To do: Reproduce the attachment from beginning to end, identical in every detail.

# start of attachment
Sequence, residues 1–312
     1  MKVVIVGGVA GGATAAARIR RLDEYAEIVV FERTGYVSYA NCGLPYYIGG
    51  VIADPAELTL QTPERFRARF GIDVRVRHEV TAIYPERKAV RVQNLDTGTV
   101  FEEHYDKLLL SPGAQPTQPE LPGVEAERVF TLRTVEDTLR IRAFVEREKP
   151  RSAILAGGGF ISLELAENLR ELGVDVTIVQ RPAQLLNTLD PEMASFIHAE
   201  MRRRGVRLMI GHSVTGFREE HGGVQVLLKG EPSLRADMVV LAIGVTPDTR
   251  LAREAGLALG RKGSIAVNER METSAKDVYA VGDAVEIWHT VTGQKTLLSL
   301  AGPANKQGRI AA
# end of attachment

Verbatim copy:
Sequence, residues 1–312
     1  MKVVIVGGVA GGATAAARIR RLDEYAEIVV FERTGYVSYA NCGLPYYIGG
    51  VIADPAELTL QTPERFRARF GIDVRVRHEV TAIYPERKAV RVQNLDTGTV
   101  FEEHYDKLLL SPGAQPTQPE LPGVEAERVF TLRTVEDTLR IRAFVEREKP
   151  RSAILAGGGF ISLELAENLR ELGVDVTIVQ RPAQLLNTLD PEMASFIHAE
   201  MRRRGVRLMI GHSVTGFREE HGGVQVLLKG EPSLRADMVV LAIGVTPDTR
   251  LAREAGLALG RKGSIAVNER METSAKDVYA VGDAVEIWHT VTGQKTLLSL
   301  AGPANKQGRI AA